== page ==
glanced up but didnt speak and the man put the magazine down. Every four
or five takes, Burt repaired to the control room and listened with his eyes
closed. "I dont want to be distracted," he says. "I want
the sound low, I want it monaural, I dont want to dupe myself or let anybody
talk me into anything."
Bacharahc drove himself and the musicians relentlessly. "Hes possessed,"
says Russ Savakus, "and a little of each mans flesh is left in the
session." Dionne Warwick notes, "Its uncanny how the musicians
absolutely adore him." Occasionally one, like Gary Chester, who has played
for Bacharach for fourteen years, might say something like, "This feels
a little left-handed," and Bacharach might let him try it his way. "Were
all extension of him," says Chester. "Mostly the problem is to find
out how to do it his way."
He finally seemed satisfied with "Ill Never Fall in Love Again"
after about fifteen takes. "Sensational," he grinned. "It really
kills me. Lets do it one more time," bringing forth a mixture of
laughter and catcalls. They were used to his perfectionism. "If it doesnt
work, Ive only myself to blame," he says.
Throughout the session he seemed never to take his eyes off Dionne. "Weve
got a tremendous thing going between us," he says. "Theres a
great kind of love transmitted, a happiness, shes the thing that makes
everything lighter." He discovered her when she was a background singer.
"She had pigtails and dirty white sneakers," he recalls, "and
she just shone, as she shines now. Our first record was Dont make
Me Over--she had to sing an octave and a sixth and did with her eyes closed."
Dionne has recorded all of the 192 songs Bacharach and David have written and
sold 12.5 million singles. "his music is my college degrees," she
says. "Hes fiercely loyal to anybody and anything he loves. Hes
a groovy cat."
At the last Westbury concert, Bacharach, exceptionally close to his parents,
introduced his mother and walked over and kissed her. She was responsible for
his taking piano lessons. It was lucky because he also tried drumming. "I
couldnt keep time to the radio," he says of those days growing up
in Forest Hills, N.Y., where he was the smallest boy in high school. "I
was also a cellist," he says. "It was a rented cello. They even gave
me a bow. The whole outfit."
What he really liked at 15 was Dizzy Gillespie and Harry James. Once in a bus
on his way to a piano lesson in Manhattan he was whistling and the young man
seated next to him said, "Is that The Two OClock Jump?"
He was a musician too, it turned out, named Leonard Bernstein. "I never
heard of you," said Burt. And when he got off at his stop he said, "So
long, Lenny see you at the top."
During that summer just after the war he as selected to go on a USO tour of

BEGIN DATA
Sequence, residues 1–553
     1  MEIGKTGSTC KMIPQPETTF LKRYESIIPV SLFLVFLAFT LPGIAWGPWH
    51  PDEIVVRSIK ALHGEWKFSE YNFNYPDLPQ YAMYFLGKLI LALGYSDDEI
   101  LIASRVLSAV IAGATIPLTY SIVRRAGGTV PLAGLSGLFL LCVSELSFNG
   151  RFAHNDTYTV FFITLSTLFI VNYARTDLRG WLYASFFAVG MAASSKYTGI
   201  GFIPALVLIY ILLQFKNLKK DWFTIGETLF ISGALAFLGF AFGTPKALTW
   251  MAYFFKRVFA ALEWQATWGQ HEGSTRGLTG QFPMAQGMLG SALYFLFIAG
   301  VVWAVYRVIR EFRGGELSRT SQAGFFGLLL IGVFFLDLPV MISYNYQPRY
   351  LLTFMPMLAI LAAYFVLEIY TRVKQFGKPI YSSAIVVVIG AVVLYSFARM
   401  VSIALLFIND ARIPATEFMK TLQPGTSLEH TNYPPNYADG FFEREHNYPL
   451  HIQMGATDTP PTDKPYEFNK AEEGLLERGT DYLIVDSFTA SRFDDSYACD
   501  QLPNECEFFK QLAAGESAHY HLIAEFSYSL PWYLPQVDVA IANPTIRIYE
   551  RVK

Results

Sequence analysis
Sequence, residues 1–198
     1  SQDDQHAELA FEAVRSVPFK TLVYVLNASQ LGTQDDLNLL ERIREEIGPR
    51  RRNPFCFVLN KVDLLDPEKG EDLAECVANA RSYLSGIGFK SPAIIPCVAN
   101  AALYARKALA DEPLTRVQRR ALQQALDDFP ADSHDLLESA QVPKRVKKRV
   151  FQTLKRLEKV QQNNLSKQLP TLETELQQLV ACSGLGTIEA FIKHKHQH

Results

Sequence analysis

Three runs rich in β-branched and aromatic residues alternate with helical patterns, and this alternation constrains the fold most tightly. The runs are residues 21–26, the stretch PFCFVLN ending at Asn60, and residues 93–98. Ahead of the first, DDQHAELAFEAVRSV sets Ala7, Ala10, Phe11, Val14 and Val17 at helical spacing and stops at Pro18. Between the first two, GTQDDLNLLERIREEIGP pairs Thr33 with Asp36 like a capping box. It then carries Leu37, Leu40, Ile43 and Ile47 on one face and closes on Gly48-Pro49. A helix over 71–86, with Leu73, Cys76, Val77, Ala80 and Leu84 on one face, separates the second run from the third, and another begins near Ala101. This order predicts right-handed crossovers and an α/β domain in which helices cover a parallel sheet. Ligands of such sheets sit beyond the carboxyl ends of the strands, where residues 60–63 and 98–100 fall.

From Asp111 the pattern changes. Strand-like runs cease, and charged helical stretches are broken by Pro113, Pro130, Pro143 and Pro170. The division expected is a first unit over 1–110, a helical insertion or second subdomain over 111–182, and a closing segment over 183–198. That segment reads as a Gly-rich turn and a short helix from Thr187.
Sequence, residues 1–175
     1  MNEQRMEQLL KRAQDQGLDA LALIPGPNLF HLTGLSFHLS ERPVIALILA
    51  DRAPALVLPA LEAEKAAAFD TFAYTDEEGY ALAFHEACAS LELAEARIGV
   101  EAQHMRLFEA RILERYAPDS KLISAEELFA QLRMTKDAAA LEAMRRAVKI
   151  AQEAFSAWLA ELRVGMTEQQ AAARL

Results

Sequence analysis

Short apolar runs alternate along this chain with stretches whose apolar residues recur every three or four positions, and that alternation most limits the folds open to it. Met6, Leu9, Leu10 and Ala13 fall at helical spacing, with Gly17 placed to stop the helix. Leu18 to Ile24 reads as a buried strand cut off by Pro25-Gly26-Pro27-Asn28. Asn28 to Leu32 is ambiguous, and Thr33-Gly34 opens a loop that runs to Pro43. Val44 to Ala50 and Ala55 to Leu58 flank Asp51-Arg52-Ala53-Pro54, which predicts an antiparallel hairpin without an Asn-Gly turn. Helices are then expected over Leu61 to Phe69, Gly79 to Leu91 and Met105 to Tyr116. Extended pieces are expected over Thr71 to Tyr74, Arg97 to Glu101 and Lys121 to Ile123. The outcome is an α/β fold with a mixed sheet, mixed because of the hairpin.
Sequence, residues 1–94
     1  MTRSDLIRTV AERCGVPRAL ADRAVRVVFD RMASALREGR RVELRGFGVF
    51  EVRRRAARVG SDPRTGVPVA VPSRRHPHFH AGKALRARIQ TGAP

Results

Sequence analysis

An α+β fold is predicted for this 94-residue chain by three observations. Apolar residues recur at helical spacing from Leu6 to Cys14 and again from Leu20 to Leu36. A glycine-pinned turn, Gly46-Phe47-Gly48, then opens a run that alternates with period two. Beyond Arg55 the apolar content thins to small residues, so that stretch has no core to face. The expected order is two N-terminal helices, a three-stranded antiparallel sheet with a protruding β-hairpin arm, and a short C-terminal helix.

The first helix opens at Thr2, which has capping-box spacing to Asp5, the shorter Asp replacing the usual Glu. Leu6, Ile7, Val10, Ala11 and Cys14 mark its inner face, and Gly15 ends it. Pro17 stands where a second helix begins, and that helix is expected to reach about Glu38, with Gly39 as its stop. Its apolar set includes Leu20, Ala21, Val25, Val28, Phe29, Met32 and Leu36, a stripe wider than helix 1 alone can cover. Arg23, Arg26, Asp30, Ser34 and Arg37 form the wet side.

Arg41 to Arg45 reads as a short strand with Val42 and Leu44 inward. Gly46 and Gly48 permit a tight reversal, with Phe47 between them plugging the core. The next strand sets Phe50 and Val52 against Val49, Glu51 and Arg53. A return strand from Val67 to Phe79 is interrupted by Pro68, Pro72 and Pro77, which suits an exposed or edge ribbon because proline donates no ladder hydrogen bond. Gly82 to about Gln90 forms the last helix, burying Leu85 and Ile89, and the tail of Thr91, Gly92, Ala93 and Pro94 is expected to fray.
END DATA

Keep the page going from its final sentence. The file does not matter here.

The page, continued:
Army hospitals, playing boogie-woogie piano. "The first place was in Martinsburg,
W.Va., a special hospital for plastic surgery, for guess with their faces shot
off. It was my first time away from home and my mother let me take off my braces
for the tour. When I came back I wouldnt put them back on."
The next summer he got a quintet together, whose members included Eddie Shaughnessy,
currently a drummer with the "Tonight" show band, to play at a hotel
in the Catskills. They slept across the road from the hotel on five cots in
a converted chicken shack. They were getting 200 a week, most of which went
to Shaughnessy, who was taking care of his mother. Business was bad and the
manager kept cutting their salary. Eventually they were down to $40 a week,
which went to Shaughnessys mother. "We couldnt go home,"
says Burt. "The city meant polio in those days. We were like prisoners.
One morning we work up to five engines. The hotel had burned down. We cheered."
Bacharach spent three years studying music seriously at McGill University in
Montreal, going out in the summer to Tanglewood and to SantaBarbara to study
composition with Darius Milhaud. His ambition to become a serious composer wavered
during his two years in the Army and when he got out he became the accompanist
for a series of performers including Vic Damone, the Ames Brothers and, memorably,
Polly Bergen. They worked together on a ship that cruised nightly between Washington
and Baltimore. "I had a terrific crush on her," Burt says. Polly recalls,
"What an accompanist. He knew when I was going to breathe before I did."
It was seeing the songs offered to the Ames Brothers that turned Bacharach
to writing his own. "I figured they were so simple I could turn out four
a day. I got an office in the Brill Bulding in New York and my songs sounded
as if I turned out ten a day. Its not so easy to write a simple song.
I worked there every day for ten months and never got a song published. Ive
got a lot of friends there still, but I cant go into that building. Never."
At night Bacharach moonlighted, playing piano for Georgia Gibbs, for Joel Grey
and for Steve Lawrence. Because he loves sports, in 1957 he went on a tour of
Army bases in North Africa with the Harlem Globetrotters. "I brought my
sneakers," says Bacharach, because I hoped that Abe Saperstein, the owner,
would let me into at least one game. Saperstein used to say to me, Bacharach
I may have you suit up tonight, and Id say, Just one jump
shot, Abe, please. It never happened."
From 1958 to 1961, long before Bacharach became famous as a composer, he was
the pianist and conductor and arranger for Marlene Dietrich, and her career
blossomed into a beautiful Indian summer. "Shes the most generous
and giving woman I know," he says. "If I had a cold shed swamp
me with vitamin C. She once pulverized six steaks for their juice to give me
energy. She used to wash my shirts. On the first day I met her, I played a song
of mine called Warm and Tender and she went to the phone and called
Frank Sinatra, who wasnt too interested. Youll be sorry,
she told him. Youll ask him to write for you one day."
Has he? "Yes."
Dietrich says, "He used to tell me, just relax and sit back and let the
notes come. When you know he is looking after you, you can sit back." For
a long time after he returned to songwriting, Burt would drop everything to
fly to Dietrich in Copenhagen or London and prepare the musicians for her concerts.
At the end of a London concert she said, "I cant love him any more
than I love him now. Hes my teacher, hes my critic, hes my
accompanist, hes my arranger, hes my conductor, and I wish I could
say his is my composer, but that isnt true. Hes everybodys